Joe Lockhart, White House press secretary under President Clinton, agrees.
"I think that the dynamic of the race probably pushed her to go earlier than she had originally thought," he said. "So I think there was a danger of waiting too long to get in, and having some sense that the race was moving without you."
Clinton's current lead over the rest of the pack heading into the Democratic party primary season -- still a year away -- is massive. Clinton has 41 percent support among likely Democrat primary voters, while Obama, her closest competitor, trails at 17 percent. But few doubt that the threat he poses is real.
"Here's the problem that Barack Obama presents to Hillary Clinton: In many ways he's what Bill Clinton was in 1991 and 1992," Stephanopoulos said. "He's the fresh face. He's the man who reaches across party lines. He's the man from Hope in 2007 and 2008."
While Obama has been grabbing headlines, the ABC News/Washington Post poll released Saturday suggests that Clinton is still the clear front-runner. Among Black Democrats she beats Obama 60-20; among Democratic women she leads 49 to 18. But being the front-runner has its perils.
"When you're the front-runner, everyone else is looking at a big target on your back," Mark Mellman, a Democratic consultant, said. "That's who people are investigating, that's who people are trying to uncover some bad news about. That's who the other candidates are thinking about how can we bring her down."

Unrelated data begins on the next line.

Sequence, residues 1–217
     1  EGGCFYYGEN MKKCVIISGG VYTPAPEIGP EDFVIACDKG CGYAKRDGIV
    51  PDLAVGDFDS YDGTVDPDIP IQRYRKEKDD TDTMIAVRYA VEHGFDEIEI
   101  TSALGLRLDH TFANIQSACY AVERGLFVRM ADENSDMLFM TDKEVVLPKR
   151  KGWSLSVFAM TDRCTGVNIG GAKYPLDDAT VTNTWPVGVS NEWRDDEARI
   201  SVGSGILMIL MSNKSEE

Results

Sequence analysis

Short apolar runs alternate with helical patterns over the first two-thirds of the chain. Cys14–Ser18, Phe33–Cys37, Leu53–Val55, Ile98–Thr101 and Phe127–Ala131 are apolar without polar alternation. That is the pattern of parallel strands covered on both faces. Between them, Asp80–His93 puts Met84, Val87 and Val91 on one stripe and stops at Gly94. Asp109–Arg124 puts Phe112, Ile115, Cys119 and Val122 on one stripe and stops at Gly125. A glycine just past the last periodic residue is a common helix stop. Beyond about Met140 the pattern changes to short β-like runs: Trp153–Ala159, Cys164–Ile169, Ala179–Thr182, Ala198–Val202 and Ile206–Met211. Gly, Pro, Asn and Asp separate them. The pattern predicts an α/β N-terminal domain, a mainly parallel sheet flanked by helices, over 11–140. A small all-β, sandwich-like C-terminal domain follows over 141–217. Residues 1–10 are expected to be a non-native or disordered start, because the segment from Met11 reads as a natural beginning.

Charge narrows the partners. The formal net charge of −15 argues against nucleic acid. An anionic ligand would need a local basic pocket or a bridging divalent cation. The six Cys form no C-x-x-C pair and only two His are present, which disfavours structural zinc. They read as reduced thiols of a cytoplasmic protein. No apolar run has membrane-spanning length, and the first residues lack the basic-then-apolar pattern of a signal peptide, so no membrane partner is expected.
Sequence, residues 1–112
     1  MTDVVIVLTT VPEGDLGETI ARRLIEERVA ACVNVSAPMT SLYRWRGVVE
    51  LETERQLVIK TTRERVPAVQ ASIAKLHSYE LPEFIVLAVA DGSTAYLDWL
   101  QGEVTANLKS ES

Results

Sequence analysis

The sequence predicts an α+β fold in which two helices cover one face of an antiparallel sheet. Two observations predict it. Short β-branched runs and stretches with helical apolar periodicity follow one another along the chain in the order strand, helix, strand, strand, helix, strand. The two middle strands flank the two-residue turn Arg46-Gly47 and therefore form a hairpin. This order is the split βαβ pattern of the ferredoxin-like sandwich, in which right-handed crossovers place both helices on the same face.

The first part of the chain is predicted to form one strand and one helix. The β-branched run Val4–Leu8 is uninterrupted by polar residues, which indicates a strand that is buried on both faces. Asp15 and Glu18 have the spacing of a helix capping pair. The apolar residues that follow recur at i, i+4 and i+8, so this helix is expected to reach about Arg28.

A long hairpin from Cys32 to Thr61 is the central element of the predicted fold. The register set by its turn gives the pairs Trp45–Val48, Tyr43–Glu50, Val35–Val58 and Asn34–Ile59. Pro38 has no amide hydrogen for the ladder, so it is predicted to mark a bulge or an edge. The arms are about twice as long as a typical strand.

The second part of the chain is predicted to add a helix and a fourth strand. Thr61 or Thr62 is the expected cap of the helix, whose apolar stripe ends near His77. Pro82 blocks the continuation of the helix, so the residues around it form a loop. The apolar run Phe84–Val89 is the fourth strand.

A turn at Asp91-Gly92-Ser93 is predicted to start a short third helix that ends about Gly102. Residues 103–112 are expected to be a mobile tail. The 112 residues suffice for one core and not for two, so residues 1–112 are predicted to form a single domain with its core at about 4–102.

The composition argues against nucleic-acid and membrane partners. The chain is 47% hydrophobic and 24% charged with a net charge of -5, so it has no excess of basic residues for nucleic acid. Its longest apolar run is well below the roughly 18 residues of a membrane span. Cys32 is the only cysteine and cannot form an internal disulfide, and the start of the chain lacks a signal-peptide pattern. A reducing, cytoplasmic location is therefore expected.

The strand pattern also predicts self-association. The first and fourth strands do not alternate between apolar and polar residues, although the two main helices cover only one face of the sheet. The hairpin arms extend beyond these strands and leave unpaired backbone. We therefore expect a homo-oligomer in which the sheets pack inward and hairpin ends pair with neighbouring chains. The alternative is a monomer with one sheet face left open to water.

Polling suggests enough people like Clinton to elect her -- 54 percent. But her unfavorable rating, 44 percent, is the highest of any candidate. Can she remain viable with such a negative rating?
"She has to hold it," Stephanopoulos said. "It can't get any higher. Any Democrat by the end of the campaign is going to be up at around 44 percent unfavorable. That's just what happens over the course of the campaign. The problem for her is that she starts there."
He added that Clinton has had success in her Senate campaigns reducing her "unfavorable" rating in Republican-leaning New York districts. But the strategy she relied on for this success -- one-on-one "retail politics" -- may not work on a national scale.
"One of the other challenges she faces in the campaign is, will she be able to pull off retail politics," Stephanopoulos said. "Will she be able to shed the media circus that is going to be with her all the time and really engage people in their living room."
Murphy, the Republican strategist, maintained that Clinton faces the much greater challenge of conquering voters' ingrained perception that she is "tough, she's mean, she's ruthless, and you can't trust her."
"That's the baggage I think she carries and it's significant baggage," Murphy said. "Both in the Democratic primary, and particularly outside in the general election where more moderate and conservative voters are an important part of the pie."
Mellman, the Democratic consultant, argues that Murphy is simply wrong.
"The reality is it's not the perception people have of Hillary Clinton," he said. "Gallup does a poll. It asks the most admired person. It's the 11th time Hillary Clinton's been the most-admired woman in the country."